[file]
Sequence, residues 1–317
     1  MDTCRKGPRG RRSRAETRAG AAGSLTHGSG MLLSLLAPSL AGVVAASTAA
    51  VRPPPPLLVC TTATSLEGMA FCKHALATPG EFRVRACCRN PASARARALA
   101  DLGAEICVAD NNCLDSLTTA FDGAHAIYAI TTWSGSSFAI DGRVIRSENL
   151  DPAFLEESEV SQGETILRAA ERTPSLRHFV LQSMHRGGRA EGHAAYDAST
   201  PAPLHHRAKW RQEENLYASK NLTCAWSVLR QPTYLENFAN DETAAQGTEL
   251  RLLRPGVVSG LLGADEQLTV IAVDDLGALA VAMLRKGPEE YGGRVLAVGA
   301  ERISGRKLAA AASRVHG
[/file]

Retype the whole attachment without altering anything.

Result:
Sequence, residues 1–317
     1  MDTCRKGPRG RRSRAETRAG AAGSLTHGSG MLLSLLAPSL AGVVAASTAA
    51  VRPPPPLLVC TTATSLEGMA FCKHALATPG EFRVRACCRN PASARARALA
   101  DLGAEICVAD NNCLDSLTTA FDGAHAIYAI TTWSGSSFAI DGRVIRSENL
   151  DPAFLEESEV SQGETILRAA ERTPSLRHFV LQSMHRGGRA EGHAAYDAST
   201  PAPLHHRAKW RQEENLYASK NLTCAWSVLR QPTYLENFAN DETAAQGTEL
   251  RLLRPGVVSG LLGADEQLTV IAVDDLGALA VAMLRKGPEE YGGRVLAVGA
   301  ERISGRKLAA AASRVHG